Many people are coming forward with their stories and demanding accountability from Pfizer. You can join them.
A Brief History of Dilantin
A German chemist invented Dilantin in 1908. In 1923, an American pharmaceutical company, Parke-Davis, also created Dilantin. In the 1930s, Parke-Davis became aware that Dilantin could prevent seizures.
Through a few mergers and acquisitions over the years, Parke-Davis became part of Pfizer in 2000.
The first research showing Dilantin causes brain damage is from the 1930s, as this 1968 report mentions. Pfizer and its subsidiaries knew about the dangers of Dilantin for decades, yet they never warned the patients.
Understandably, many patients injured by Dilantin were angry when they learned this. Dilantin patients have been winning major lawsuit verdicts and settlements since the 1990s.
Overview of Dilantin Research Findings
Dilantin is unusual for two reasons: the number of conditions it can treat and the number of severe side effects related to its use. Here, we will focus on brain damage and serious skin conditions. Other major concerns with Dilantin include increased suicide risks and birth defects.
Terms for the type of brain damage caused by Dilantin include cerebellar degeneration, cerebellar ataxia, and cerebellar atrophy. We will stick with cerebellar atrophy or brain damage to avoid confusion. We mention here these other terms because you will see them in the linked research material.
Saying that Dilantin can cause serious skin conditions is an incredible understatement. Dilantin is associated with Stevens-Johnson syndrome (SJS) and toxic epidermal necrolysis (TEN). These are both painful and deadly conditions.
The Mayo Clinic provides a great description of these conditions that, for some people, occur almost immediately after starting Dilantin. Hospitalization is a necessity as the treatment is similar to that provided in a burn center.
Dilantin and Cerebellar Atrophy
The connection between Dilantin and cerebellar atrophy has been the subject of debate among medical professionals since at least 1968. In their report, these researchers from the University of Iowa cited studies going back to 1930 — a time before the FDA approved Dilantin as a seizure medication. For the sake of brevity, we’ll limit our discussion to the last thirty years.
In 1989, doctors reported on a patient who attempted suicide by taking 7 grams of Dilantin. Since the normal dosage is 300 mg per day, this patient took over three weeks of Dilantin doses at once.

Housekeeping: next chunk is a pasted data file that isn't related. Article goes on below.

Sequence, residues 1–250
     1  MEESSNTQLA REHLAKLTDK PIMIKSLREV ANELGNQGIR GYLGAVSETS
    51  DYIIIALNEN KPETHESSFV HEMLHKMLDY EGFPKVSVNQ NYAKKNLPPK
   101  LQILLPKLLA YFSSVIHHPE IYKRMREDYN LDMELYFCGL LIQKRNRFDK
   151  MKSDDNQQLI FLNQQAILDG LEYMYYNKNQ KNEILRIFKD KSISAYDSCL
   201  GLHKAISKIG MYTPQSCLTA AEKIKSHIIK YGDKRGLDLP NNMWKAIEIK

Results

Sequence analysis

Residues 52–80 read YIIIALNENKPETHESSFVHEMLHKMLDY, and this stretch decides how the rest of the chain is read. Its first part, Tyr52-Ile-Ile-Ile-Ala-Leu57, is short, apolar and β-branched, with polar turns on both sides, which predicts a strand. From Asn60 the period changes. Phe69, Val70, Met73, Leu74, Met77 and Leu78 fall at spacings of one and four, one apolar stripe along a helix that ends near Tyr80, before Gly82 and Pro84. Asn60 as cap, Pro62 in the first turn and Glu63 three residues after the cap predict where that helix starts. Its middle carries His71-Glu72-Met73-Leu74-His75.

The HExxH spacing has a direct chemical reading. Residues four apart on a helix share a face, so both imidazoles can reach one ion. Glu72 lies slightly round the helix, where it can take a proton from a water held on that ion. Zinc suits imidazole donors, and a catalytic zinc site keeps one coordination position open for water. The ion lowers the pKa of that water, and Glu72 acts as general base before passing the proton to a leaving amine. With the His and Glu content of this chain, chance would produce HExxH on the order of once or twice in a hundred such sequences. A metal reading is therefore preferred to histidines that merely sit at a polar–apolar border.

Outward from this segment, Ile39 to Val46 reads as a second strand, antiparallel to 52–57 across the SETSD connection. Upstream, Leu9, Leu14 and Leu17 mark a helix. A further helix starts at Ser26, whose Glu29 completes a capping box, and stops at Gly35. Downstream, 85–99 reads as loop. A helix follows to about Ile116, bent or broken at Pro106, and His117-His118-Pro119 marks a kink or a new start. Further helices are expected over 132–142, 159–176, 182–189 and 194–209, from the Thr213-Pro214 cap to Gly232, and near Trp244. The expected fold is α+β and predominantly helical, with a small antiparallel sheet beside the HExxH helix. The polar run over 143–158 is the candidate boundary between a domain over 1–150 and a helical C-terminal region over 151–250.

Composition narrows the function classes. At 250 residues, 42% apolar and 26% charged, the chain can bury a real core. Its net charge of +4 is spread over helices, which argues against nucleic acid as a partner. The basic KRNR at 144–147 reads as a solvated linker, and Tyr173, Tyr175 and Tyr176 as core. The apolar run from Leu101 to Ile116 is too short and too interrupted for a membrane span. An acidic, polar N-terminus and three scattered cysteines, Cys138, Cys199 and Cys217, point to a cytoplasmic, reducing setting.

In their report, the doctors stated they had performed CAT scans four weeks after the suicide attempt and again one year later. The patient’s brain damage improved over time, but at 18 months, he was still not back to normal.
This report shows that even a single case of severe Dilantin intoxication is enough to cause long-lasting brain damage. This report raised the question about how long-term use of Dilantin affects the brain.
In 1994, the Archives of Neurology published the results of a test where researchers studied 36 patients with focal seizures. Doctors were treating these patients with Dilantin. The researchers examined their brains using MRI machines. Focal seizures, also known as partial epilepsy, are no longer treated by Dilantin.
The researchers chose these patients with partial epilepsy as their seizures are far less severe than other epilepsy patients. The idea was to determine if the seizures themselves or Dilantin caused the cerebellar atrophy. With less severe seizures, it was less likely the seizures caused the brain damage.
These researchers concluded that cerebellar atrophy was common in the patients, but weren’t sure whether the seizures caused the damage or Dilantin caused the damage.
In 2000, the results of a study in Portugal of 66 patients showed the following degrees of atrophy:
- 33 of the 66 had no cerebellar atrophy
- 15 of the 66 had mild atrophy
- 18 of the 66 had moderate-to-severe atrophy
The researchers concluded that cerebellar atrophy could occur with an overdose or through long-term use. They noted that the most severe cases were among the patients who had used Dilantin the longest.
This 2012 report from the FDA mentions rare reported cases of cerebellar atrophy. The FDA’s 31-page report on Dilantin in 2016 featured cerebellar atrophy more prominently and only irreversible cerebellar atrophy was rare in that report.
It was no longer considered rare in 2017 when the British medical journal, Seizure, reported evidence that 40% of Dilantin patients were showing signs of cerebellar ataxia (uncoordinated muscle movement), which is a sign of cerebellar atrophy. Again, let’s just call it what it is — brain damage.
Dilantin Induced SJS and TEN
In its update of warnings on Dilantin in 2012, the FDA gave Serious Dermatologic Reactions its own section. This section includes SJS and TEN warnings. See the pictures in this article from the International Medical Case Reports Journal in 2017 to get an idea of the severity of these conditions. Before looking at this article, consider that the pictures are grotesque, and the effect is indistinguishable from that of burn victims.
SJS or TEN usually occurs within 28 days of beginning Dilantin treatment. That’s far different from the incidents of severe and irreversible cerebellar atrophy that may take years unless there’s an overdose.
Patients who suffered and survived SJS and TEN are not happy about it. Patients with irreversible brain damage are similarly unhappy. Many of these patients have lost patience with the pharmaceutical companies selling Dilantin. The ones that were never warned about the risks are especially angry.